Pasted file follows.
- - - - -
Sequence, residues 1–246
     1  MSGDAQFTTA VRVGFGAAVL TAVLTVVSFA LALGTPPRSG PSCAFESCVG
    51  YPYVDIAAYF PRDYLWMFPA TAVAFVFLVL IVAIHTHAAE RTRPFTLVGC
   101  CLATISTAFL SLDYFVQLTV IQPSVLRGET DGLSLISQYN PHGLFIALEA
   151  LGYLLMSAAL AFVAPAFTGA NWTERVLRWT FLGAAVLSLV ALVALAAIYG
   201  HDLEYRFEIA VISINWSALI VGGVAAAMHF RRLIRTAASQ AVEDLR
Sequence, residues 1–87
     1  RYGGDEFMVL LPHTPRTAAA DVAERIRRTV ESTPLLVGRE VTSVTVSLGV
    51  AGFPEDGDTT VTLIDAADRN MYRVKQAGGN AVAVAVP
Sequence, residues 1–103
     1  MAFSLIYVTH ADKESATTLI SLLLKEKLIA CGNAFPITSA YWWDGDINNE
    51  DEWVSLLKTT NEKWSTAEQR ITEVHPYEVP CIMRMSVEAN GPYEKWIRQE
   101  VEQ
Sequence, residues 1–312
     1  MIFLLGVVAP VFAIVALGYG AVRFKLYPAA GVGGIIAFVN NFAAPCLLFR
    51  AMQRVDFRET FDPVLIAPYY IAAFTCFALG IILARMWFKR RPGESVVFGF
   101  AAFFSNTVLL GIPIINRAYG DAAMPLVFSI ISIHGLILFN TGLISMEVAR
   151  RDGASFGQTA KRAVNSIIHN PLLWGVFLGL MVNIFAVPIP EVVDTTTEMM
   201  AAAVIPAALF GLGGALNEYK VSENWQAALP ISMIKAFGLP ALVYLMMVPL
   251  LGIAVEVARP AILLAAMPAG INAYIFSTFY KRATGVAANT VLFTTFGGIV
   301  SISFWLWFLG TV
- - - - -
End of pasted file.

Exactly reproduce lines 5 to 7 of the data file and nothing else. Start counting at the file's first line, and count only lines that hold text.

   151  LGYLLMSAAL AFVAPAFTGA NWTERVLRWT FLGAAVLSLV ALVALAAIYG
   201  HDLEYRFEIA VISINWSALI VGGVAAAMHF RRLIRTAASQ AVEDLR
Sequence, residues 1–87